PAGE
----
My favorite chapter is "Cabaret Blues", which contains a perceptive analysis of the jazz world's connections to the left, including Billie Holiday's. She sang at Café Society, a Greenwich village nightspot started by the leftist Barney Josephson who wanted to bring white and black folks together for entertainment and political inspiration. It was a hangout for wealthy left-liberals from Park Avenue, Jewish trade unionists and black celebrities like boxer Joe Louis. She first sang "Strange Fruit" there, a song that helped her find herself as an artist in 1941, as she reported to pianist Teddy Wilson. Denning reports that Duke Ellington and Count Basie used to do benefits to raise money for medical aid for the Spanish Republic and that as late as 1951, Miles Davis, Sonny Rollins and J.J. Johnson were performing at a Labor Youth League dance.
In the final section of the book, Denning raises a number of interesting questions about the relationship between popular culture and socialist politics. In the course of this discussion, he refers to the journal "Modern Quarterly" that was initiated by left-wing intellectuals including the editor V.F. Calverton and Sidney Hook. In its heyday, from 1927 to 1931, this journal attempted to address the need for an Americanized Marxism. Later on, in 1933 and 1934, a successor journal titled "Modern Monthly" addressed the same themes.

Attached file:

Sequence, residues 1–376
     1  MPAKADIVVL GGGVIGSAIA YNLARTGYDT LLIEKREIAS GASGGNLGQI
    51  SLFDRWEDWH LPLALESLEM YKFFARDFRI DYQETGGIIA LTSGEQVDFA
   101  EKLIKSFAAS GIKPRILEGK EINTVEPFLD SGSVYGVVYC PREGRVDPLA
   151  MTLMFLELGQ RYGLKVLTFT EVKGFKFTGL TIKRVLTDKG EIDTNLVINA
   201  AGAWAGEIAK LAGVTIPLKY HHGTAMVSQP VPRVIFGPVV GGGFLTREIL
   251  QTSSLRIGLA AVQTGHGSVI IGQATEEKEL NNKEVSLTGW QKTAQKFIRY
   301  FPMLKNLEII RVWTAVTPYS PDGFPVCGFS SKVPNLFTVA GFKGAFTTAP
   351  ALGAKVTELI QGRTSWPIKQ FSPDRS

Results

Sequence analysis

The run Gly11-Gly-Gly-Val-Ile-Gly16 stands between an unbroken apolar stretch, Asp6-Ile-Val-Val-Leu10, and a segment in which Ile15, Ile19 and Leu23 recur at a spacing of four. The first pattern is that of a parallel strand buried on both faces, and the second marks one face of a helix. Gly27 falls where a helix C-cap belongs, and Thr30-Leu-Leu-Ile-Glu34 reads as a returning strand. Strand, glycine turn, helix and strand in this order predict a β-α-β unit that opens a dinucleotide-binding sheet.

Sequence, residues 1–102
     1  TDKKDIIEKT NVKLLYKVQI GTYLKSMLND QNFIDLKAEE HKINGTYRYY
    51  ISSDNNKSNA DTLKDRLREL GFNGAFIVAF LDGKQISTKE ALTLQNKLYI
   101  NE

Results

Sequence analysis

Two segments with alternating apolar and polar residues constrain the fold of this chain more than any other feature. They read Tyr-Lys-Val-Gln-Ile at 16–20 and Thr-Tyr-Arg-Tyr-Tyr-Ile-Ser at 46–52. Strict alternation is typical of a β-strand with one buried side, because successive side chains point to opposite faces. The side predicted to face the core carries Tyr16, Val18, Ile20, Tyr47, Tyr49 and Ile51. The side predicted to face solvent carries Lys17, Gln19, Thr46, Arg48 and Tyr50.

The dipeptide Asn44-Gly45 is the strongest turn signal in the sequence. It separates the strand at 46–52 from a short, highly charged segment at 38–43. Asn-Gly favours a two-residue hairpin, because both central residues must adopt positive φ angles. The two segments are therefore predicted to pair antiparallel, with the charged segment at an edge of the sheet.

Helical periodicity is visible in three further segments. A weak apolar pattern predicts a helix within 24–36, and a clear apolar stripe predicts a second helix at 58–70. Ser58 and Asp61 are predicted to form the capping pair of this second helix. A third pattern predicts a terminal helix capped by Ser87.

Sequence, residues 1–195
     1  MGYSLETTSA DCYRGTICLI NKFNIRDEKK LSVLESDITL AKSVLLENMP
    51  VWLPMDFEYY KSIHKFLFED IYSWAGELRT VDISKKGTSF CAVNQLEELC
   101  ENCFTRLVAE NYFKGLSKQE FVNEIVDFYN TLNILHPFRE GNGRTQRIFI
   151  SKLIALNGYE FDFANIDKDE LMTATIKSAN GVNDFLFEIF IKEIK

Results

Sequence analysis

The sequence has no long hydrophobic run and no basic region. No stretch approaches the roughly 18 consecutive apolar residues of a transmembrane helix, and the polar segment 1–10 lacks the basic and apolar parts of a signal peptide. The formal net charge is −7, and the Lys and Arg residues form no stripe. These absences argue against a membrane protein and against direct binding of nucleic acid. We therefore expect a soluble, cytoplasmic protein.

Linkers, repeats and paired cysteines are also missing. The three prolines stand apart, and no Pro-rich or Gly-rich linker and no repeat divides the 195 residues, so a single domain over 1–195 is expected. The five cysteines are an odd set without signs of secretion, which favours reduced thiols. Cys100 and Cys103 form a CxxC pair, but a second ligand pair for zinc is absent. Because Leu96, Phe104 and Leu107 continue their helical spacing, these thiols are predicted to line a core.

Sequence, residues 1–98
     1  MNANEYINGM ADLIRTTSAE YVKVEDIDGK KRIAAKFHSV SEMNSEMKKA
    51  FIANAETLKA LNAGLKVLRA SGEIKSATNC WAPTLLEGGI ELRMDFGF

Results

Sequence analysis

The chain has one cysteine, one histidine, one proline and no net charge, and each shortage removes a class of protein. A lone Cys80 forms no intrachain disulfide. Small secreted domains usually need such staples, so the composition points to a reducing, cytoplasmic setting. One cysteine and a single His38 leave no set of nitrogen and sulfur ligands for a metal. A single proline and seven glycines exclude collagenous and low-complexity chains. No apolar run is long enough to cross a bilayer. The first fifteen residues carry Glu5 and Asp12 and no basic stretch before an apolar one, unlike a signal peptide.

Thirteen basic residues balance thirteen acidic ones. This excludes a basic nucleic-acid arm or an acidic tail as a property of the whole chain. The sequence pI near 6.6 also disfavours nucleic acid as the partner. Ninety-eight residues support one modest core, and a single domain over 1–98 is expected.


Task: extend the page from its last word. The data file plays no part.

In 1933, several of the intellectuals who had been associated with these journals, including Calverton and Hook, joined with left-wing labor leader A.J. Muste and his Conference for Progressive Labor Action in founding a new party called the American Workers Party (AWP). This formation led an important CIO labor struggle in Toledo in 1934 which triggered a general strike in the city. The "Modern Monthly" became the unofficial organ of the AWP and Max Eastman and Edmund Wilson joined its editorial board. In late 1934, the AWP fused with the Trotskyist movement and A.J. Muste and most of the AWP intellectuals went their own way.